• The facilitator prompts further discussion and pushes managers to come to a mutual understanding of what level of performance and mastery of core competencies warrant each rating tier. 
  • The committee updates scores as needed. Using a performance management system like Lattice, your people team can make employee score changes directly within the platform — so there’s no need for wrangling spreadsheets or dealing with data entry.
  • After the calibration conversation, managers finalize and share review ratings with their direct reports. And, with the knowledge from this session, participating managers can be more careful, consistent, and thoughtful about their employee ratings in the next review cycle.

Performance Review Calibration Best Practices

While the performance calibration process will look different in every organization, there are a few best practices to follow.

1. Clearly communicate performance rating criteria.

If you go to the effort of calibrating performance ratings, everyone needs to be on the same page. The only way to ensure that is with clear, well-communicated performance rating criteria.

The most successful HR teams employ various communication strategies, in addition to conventional tools like email or Slack. Consider leveraging time at a company all-hands meeting to reiterate how performance reviews work at your company, including a deep dive into your rating scale. Hosting optional office hours — or training sessions, especially for managers — gives HR teams another opportunity to explain performance ratings and field any lingering questions. Leave attendees with a takeaway, including a key explaining what each performance rating means, so they can reference it while writing and calibrating reviews.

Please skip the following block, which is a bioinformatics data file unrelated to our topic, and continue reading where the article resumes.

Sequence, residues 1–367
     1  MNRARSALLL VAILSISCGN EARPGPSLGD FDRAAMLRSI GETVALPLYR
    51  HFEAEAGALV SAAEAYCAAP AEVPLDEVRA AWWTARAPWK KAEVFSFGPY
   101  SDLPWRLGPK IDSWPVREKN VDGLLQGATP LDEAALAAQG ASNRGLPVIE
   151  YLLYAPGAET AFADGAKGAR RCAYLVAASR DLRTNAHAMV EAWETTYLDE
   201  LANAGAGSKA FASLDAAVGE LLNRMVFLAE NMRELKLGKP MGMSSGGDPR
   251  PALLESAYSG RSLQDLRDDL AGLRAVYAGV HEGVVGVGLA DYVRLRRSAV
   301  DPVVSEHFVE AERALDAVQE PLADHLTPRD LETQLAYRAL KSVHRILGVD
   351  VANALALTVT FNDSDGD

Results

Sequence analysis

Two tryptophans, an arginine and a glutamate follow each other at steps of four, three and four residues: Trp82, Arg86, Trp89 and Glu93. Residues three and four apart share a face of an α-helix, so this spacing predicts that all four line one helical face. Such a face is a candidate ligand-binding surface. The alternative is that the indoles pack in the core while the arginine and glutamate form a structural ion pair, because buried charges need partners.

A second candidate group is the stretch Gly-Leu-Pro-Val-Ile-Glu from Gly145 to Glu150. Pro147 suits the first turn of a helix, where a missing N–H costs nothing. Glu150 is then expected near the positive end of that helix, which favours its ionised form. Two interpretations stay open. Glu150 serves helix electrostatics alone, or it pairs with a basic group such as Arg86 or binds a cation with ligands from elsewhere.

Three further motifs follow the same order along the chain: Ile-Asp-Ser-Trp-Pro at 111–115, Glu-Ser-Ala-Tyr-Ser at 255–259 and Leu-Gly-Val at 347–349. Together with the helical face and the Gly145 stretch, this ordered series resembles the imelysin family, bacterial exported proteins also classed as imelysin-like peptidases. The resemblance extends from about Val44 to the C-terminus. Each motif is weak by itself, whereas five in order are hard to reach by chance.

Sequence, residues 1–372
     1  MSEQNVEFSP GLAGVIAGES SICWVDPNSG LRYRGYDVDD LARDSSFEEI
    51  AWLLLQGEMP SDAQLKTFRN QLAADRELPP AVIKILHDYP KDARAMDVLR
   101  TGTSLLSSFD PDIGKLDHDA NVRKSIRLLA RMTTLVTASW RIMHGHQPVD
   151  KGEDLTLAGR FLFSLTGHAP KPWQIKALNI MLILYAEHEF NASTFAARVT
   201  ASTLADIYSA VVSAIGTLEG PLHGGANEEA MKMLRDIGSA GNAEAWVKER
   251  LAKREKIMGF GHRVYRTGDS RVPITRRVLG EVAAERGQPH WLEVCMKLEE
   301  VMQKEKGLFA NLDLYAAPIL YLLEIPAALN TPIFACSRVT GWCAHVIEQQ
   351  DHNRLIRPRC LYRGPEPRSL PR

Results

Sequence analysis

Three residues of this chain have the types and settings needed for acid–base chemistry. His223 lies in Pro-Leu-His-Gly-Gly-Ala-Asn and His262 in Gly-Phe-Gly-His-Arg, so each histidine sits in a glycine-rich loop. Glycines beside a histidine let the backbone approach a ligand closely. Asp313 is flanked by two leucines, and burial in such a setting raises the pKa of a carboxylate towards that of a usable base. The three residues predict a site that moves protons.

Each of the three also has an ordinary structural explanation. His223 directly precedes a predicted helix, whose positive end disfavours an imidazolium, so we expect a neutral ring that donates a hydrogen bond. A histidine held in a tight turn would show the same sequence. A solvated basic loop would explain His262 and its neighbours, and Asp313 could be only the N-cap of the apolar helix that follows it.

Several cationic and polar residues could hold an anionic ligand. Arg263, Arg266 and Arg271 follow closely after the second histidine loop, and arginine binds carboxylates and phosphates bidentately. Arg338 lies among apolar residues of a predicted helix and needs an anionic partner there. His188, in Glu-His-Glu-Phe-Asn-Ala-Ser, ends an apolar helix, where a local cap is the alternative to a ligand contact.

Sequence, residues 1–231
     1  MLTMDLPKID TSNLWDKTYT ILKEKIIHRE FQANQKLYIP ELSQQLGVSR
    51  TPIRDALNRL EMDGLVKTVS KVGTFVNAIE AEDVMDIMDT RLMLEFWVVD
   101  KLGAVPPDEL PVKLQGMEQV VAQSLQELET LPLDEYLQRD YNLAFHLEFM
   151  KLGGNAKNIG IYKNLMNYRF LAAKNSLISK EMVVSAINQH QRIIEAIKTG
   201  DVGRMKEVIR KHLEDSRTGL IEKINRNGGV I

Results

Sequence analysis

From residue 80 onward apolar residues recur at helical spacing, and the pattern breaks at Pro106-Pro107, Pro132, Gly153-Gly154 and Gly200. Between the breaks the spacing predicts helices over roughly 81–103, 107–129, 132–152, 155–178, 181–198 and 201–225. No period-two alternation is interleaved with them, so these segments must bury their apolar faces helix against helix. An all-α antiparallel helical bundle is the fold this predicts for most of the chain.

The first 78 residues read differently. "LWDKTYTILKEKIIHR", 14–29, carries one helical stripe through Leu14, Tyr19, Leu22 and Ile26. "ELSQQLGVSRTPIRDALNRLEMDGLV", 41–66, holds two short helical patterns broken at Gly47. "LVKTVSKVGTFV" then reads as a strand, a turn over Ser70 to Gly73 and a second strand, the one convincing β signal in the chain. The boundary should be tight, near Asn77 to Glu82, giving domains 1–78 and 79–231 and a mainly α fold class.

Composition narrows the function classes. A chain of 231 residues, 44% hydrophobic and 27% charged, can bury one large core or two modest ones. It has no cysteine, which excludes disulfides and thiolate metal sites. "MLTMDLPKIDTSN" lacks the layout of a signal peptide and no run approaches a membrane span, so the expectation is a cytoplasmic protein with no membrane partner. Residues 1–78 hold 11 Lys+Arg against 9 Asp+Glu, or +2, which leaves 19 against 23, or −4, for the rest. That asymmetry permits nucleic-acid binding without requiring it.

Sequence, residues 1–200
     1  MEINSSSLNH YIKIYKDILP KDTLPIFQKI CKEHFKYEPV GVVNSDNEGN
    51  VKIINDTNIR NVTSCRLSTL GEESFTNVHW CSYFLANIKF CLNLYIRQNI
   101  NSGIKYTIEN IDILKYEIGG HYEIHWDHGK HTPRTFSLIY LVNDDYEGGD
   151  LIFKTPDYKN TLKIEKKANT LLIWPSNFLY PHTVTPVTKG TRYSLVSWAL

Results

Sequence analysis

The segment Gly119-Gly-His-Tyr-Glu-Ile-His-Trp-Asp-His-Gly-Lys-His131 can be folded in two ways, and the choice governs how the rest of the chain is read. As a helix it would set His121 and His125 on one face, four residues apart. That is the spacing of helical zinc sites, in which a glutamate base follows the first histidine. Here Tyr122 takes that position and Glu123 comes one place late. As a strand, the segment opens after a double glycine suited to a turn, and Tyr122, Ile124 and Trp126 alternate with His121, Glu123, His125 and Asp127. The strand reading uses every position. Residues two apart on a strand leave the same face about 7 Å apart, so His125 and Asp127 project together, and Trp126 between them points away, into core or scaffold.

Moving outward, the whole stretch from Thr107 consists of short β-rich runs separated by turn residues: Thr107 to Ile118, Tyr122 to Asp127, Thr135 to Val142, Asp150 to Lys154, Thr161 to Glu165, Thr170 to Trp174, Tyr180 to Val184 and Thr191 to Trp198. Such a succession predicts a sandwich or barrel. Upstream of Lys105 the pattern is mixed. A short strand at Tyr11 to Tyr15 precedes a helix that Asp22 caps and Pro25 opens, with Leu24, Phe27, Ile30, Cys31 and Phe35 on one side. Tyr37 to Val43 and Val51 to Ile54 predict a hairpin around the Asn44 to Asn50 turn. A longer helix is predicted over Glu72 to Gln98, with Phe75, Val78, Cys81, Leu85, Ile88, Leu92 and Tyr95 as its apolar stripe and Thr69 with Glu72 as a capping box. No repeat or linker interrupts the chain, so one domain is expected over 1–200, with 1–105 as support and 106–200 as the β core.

2. Work to avoid bias.

Training your managers to identify and prevent biases is crucial for performance reviews and the calibration process alike. According to an experiment documented in a 2021 HBR article, teaching performance reviewers to identify biases helped reduce the effects of such biases in the reviews themselves. For example, negative personality comments about people of color went from appearing in 14% of reviews to 0% in the year after the bias identification training.

When team members recognize biases, they can work to rectify ratings stemming from them. The Center for WorkLife Law produced a helpful guide for identifying biases that commonly appear in performance evaluations as well as seven tactics for interrupting them. During your next calibration conversation, be on the lookout for any biases that may be affecting scores.

3. Split performance and compensation conversation cycles.

For many companies, performance reviews and compensation decisions are tied together, but the process can leave something to be desired. In Lattice’s 2023 State of People Strategy Report, 83% of surveyed HR leaders said compensation and performance should be linked, but 72% acknowledged their company’s approach needed improvement.